Composting: The Basics
By Sarah Mooney
New Jersey in February is not quite beach weather, and it is not very conducive to gardening. That being said, I've found that keeping a compost pile is a great low maintenance way to feel connected to the growing season before it arrives. The benefits of composting are many, but here are a few of the main reasons I've started my own pile:
1. I recently bought a juicer and couldn't stand to trash the left over pulp. Composting is a great way for me to use all of the produce I purchase, whether it's pulp in the juicer or that spinach I forgot about at the bottom of the fridge.
2. A compost pile enriches the soil you use in your garden beds and will save you money on fancy fertilizers.
3. It's recycling. If you don't reuse compostable items, they will probably end up in a landfill. That's sad news for the nutrients in your banana peel and sad news for the plant life that won't be enhanced by those nutrients.
These are three very basic reasons why composting is a smart idea, but you can certainly find more extensive discussions about microorganisms, the breakdown of organic matter, and other scientific information regarding how the process works. For me as a beginner, the basics will suffice for now.
What To Compost?
There is a lot information about compositing on the web, and some of it is intimidating. Personally, at this stage in the game I'm not sure how to check the nitrogen content of my compost ingredients, so I opted for a simpler way of discerning what to put in and what to keep out of my pile.
- Greens: This is the stuff from your kitchen and green stuff from your yard. Do not use meat, bones or dairy products. Do use egg shells, tea and coffee grounds, fruit and vegetable scraps, nut shells, grass clippings, etc.
- Browns: Sick of all those dead leaves in your yard? Add them to your compost pile! Also add sticks, twigs, cardboard, straw, etc. Note: A side effect of composting could be a cleaner yard.
- Moisture: I started my compost pile in an area of my yard that receives extended sun exposure because I decided to do my research after I made my pile. Fortunately for me, the only huge difference this makes is that my pile may dry up much faster than if it were in the shade. Maintaining moisture (do not soak your compost) content in your compost pile is a big deal, so you may find yourself watering your pile every so often.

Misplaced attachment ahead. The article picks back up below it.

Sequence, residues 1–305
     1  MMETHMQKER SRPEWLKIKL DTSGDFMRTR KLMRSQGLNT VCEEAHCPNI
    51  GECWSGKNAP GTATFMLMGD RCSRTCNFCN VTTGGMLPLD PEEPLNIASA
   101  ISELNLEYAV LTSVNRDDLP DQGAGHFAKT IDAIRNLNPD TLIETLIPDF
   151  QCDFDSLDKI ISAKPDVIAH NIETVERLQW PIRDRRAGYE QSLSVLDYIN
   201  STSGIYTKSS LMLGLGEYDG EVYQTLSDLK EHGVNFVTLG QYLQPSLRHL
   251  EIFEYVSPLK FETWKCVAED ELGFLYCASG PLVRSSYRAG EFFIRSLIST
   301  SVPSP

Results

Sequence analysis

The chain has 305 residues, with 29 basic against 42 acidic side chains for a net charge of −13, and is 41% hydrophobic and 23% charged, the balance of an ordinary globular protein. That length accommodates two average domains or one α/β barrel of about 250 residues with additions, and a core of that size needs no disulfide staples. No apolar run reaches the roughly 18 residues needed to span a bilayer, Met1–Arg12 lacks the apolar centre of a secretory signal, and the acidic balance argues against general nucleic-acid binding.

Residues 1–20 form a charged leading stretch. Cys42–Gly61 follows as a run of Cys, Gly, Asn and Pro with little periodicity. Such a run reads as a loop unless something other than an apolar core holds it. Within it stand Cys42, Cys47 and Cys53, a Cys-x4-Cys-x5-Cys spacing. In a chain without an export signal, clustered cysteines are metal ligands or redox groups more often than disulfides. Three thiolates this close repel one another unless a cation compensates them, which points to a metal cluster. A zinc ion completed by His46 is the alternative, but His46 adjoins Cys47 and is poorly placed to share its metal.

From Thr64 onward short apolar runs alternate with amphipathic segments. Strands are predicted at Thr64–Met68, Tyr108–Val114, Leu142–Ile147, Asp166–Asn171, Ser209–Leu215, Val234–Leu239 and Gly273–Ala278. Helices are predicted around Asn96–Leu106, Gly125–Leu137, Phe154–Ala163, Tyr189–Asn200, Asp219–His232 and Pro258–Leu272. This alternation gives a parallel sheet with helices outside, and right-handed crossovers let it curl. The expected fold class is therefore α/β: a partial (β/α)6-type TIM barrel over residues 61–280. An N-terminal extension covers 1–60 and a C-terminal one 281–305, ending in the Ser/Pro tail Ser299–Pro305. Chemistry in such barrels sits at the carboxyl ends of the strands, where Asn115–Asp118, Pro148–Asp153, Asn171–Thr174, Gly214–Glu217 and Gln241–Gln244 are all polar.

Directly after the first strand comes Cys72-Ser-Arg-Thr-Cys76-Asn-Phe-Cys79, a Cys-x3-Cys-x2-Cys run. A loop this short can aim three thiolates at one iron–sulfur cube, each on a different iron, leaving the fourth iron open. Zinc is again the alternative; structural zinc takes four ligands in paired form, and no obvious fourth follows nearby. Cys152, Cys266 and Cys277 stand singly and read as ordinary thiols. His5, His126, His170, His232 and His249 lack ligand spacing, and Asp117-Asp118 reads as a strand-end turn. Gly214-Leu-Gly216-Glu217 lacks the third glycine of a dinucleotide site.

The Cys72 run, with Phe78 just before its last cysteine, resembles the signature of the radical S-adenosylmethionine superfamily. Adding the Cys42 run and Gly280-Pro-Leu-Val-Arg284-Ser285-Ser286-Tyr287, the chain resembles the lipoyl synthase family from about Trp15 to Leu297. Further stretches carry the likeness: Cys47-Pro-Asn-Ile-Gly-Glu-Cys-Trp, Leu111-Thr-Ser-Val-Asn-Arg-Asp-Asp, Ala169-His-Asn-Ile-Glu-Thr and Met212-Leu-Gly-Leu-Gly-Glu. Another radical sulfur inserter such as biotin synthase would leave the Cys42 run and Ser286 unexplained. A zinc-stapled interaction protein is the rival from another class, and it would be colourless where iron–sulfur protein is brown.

Developing Your Process
There are plenty of ways to create your compost pile. Some people purchase a compost bin, which can be useful if you are lacking in yard space. I chose to create my compost directly on the ground, though there are many options including concrete or a wooden pallet.
Running to your compost pile immediately when you acquire new material can be time consuming and impractical, so keeping a container in your kitchen is a good middle man in the process. Again, there is a range of potential containers. My choice is an air tight plastic bin that I store under my kitchen sink. You might choose to use a small garbage bin, but I recommend selecting something with a lid that will prevent anything from entering or leaving. Lids can deter pests and also block odor.
Turning your compost pile aids in the creation of humus, which is what everything you add to your pile eventually becomes. With a shovel, a pitch fork, or any other tool that works for you, you can turn your pile. I've read that some people do this every time they add to their pile, and I've also read that some people never turn their pile. Personally, I give my pile a little turn every time I add to it.
So there you have it! These are the basics of getting your compost pile going. One thing I love about composting is that there is so much to learn, so once you get going you can continue to fine tune your process and discover new tricks. Good luck!
Sarah is new to gardening and eager to share her discoveries in hopes of clarifying the process for fellow beginners. Her other hobbies include making art, baking and exercising when she isn't busy studying for her Master's Degree in Social Work.